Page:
4 French foodie terms you didn’t know

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If your knowledge of French food is limited to French fries and French toast, here's a primer on some of the popular French dishes served in bistros and cafés right here in the United States.
Julia Child might have popularized French food in the United States, but the complex cuisine is forever reinventing itself. Francophiles probably have no problem navigating bistro menus full of mignonettes and cocottes, but if your knowledge of French food is limited to French fries and French toast, you could probably use a primer on some of the popular French dishes served in bistros and cafés right here in the United States.

1. Gribiche

Sauce gribiche is a mayonnaise-style cold sauce made by emulsifying hard-boiled egg yolks and mustard with a neutral oil, such as grapeseed or canola oil. The sauce is typically finished with cornichons, capers, parsley, chervil, chives, and tarragon. You’ll see this on French restaurant menus as a dipping sauce, salad dressing, or sandwich spread, but it’s occasionally served with boiled chicken or fish to dress up the flavor. Use it to add some zip to your next cold potato salad or as a steak sauce.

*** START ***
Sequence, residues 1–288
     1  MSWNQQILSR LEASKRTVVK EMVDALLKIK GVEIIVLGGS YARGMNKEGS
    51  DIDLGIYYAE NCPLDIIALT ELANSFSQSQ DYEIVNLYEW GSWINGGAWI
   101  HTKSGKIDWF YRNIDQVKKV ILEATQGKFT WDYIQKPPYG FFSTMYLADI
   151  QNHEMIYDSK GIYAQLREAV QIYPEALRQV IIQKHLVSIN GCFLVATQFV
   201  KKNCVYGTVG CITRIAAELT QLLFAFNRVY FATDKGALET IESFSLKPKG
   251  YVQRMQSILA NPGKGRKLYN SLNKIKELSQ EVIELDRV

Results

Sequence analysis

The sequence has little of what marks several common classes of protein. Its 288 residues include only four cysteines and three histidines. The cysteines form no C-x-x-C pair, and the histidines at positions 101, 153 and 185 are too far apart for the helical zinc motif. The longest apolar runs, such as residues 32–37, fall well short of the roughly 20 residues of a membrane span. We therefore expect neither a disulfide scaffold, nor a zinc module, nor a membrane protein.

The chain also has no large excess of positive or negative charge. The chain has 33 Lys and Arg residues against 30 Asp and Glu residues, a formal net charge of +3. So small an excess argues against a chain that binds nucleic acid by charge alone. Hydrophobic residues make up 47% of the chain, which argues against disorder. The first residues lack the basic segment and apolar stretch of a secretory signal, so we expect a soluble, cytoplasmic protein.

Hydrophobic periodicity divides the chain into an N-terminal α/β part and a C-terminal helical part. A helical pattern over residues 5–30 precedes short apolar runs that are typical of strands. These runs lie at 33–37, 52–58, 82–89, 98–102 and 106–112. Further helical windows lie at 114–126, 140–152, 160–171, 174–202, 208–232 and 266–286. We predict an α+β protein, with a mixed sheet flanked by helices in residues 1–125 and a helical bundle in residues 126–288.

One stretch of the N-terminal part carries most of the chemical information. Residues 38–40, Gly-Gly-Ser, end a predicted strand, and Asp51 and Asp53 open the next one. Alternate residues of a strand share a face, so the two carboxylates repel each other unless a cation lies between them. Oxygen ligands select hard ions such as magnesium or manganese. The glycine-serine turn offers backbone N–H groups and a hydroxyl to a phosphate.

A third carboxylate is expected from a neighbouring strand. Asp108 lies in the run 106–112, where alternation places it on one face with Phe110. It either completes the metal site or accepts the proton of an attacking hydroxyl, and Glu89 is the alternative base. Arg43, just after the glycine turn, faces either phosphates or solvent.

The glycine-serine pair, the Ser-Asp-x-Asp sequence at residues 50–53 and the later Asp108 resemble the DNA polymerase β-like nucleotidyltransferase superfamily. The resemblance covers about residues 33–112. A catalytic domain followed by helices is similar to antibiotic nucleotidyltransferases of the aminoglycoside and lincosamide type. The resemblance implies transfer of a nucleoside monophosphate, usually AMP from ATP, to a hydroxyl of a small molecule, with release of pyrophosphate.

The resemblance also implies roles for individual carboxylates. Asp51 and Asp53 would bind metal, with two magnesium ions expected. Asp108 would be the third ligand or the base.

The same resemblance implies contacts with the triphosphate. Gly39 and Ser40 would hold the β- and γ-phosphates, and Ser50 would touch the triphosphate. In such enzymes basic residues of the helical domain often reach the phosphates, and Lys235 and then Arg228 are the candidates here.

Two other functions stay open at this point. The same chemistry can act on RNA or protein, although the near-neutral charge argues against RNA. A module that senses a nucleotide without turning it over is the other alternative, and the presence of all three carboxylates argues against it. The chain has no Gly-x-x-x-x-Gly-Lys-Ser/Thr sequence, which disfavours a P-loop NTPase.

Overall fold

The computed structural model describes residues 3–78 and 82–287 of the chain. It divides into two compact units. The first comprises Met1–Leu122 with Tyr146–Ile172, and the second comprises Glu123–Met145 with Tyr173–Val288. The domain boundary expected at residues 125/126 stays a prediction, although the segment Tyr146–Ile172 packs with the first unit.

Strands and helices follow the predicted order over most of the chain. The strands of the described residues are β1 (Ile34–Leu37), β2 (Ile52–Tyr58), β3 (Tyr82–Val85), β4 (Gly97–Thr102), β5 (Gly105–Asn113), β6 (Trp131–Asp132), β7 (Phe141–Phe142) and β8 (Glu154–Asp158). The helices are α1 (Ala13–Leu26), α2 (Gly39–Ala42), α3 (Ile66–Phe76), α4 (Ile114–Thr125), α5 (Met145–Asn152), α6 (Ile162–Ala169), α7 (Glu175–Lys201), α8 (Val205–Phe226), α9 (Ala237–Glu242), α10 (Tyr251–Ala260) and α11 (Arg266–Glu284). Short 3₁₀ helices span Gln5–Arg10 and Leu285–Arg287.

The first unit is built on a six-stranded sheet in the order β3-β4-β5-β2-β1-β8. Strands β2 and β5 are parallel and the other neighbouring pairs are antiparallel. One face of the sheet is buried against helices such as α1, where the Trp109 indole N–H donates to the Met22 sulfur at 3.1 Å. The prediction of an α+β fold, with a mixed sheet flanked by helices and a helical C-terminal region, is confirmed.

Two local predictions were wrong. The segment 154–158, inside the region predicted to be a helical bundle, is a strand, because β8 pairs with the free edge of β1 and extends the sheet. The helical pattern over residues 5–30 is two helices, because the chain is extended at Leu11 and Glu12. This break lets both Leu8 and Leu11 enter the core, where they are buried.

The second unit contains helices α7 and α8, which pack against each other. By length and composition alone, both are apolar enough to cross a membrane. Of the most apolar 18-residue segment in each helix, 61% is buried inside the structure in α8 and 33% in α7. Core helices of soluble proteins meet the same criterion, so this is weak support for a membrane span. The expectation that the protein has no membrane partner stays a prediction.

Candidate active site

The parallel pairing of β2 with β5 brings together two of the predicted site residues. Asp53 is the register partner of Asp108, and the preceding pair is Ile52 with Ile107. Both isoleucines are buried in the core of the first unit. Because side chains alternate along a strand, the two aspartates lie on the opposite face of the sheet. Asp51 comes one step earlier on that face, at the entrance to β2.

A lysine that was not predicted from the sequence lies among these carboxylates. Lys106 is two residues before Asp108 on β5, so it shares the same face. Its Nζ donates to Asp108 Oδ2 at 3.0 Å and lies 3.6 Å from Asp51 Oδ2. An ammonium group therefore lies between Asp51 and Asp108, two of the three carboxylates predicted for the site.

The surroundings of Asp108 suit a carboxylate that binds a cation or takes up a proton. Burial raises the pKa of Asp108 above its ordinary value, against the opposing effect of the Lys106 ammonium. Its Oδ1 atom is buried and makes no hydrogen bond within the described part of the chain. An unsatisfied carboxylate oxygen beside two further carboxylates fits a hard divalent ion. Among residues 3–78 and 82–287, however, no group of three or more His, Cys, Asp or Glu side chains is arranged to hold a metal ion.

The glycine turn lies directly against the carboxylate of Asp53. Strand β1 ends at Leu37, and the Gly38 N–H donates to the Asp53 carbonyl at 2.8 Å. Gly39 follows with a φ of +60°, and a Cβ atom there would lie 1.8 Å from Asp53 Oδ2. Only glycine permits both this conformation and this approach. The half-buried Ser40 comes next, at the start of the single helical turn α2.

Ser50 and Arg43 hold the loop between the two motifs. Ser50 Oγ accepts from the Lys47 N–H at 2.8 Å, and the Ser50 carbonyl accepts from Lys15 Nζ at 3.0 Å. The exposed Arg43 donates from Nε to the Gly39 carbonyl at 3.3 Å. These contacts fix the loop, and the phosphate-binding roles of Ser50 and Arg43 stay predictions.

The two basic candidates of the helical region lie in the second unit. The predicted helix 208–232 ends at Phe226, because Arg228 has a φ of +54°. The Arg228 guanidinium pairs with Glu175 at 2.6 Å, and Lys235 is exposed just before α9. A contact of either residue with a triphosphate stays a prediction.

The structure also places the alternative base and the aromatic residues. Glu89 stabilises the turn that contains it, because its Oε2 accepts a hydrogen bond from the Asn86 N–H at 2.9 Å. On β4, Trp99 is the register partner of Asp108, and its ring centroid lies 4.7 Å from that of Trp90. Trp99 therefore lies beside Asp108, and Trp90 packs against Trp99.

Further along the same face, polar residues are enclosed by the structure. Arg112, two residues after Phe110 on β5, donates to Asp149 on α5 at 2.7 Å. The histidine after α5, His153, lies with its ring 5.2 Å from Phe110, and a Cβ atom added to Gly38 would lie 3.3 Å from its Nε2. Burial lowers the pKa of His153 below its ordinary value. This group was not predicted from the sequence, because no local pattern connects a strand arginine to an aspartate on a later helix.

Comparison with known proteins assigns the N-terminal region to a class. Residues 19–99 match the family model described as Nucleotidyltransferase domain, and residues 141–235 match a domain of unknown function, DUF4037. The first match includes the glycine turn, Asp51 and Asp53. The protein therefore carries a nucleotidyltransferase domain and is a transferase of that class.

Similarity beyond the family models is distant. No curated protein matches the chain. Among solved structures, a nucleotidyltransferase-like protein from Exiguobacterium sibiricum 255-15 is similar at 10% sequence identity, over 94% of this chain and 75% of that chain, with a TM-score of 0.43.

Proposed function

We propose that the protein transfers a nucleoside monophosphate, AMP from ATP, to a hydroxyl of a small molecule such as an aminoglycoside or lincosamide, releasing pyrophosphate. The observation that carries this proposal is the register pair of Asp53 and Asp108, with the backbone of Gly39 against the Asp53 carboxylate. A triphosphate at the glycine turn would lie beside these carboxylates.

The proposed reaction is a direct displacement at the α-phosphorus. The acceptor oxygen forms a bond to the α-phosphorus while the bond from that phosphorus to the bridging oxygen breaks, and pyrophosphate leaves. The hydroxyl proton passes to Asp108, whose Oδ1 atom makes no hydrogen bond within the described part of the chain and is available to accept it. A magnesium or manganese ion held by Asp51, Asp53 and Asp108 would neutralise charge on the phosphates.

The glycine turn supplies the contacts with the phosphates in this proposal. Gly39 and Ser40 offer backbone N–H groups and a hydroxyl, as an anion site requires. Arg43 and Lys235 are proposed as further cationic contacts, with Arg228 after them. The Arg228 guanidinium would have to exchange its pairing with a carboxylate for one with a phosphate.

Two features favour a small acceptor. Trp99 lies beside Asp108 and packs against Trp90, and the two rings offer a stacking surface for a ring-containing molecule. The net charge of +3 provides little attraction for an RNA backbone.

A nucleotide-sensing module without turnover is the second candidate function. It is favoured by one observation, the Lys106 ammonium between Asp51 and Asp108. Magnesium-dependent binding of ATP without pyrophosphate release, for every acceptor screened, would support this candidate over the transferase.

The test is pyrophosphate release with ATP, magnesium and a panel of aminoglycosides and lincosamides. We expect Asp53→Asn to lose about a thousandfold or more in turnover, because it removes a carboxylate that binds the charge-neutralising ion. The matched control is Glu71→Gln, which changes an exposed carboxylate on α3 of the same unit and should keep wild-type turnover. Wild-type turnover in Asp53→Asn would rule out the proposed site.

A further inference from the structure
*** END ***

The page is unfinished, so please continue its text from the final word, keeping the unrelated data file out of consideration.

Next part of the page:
2. De Bourgogne

When you see the term “de Bourgogne” on a French menu, it typically means “with garlic and butter.” Garlic butter is a popular cooking and serving method in French cuisine so it’s likely that you’ll see these words on everything from meat and poultry menu descriptions to the wrappers of your favorite seasoned French cheeses.

3. Beurre Blanc

French food has a reputation for being heavy and rich, but if you see “beurre blanc” sauce on a menu, you’ll know that you’re ordering one of the more simply prepared dishes. Commonly seen attached to white fish and other seafood, “beurre blanc” literally translates to “white butter.” It’s a hot, simple sauce made with a reduction vinegar, white wine, shallots, butter, and sometimes lemon juice or zest. Geography lesson: beurre blanc is said to have originated in the cuisine of the French Loire Valley.

4. Mignonette

Typically served alongside oysters or other seafood dishes, mignonette sauce is a classic vinaigrette made with minced shallots, cracked black pepper and vinegar. The name “mignonette” originally referred to a bundle of peppercorns and baking spices used to flavor dishes, but now simply translates to “cracked pepper.” Though different mignonette sauces use different types of vinegar—many include champagne vinegar—all sauces include pepper.

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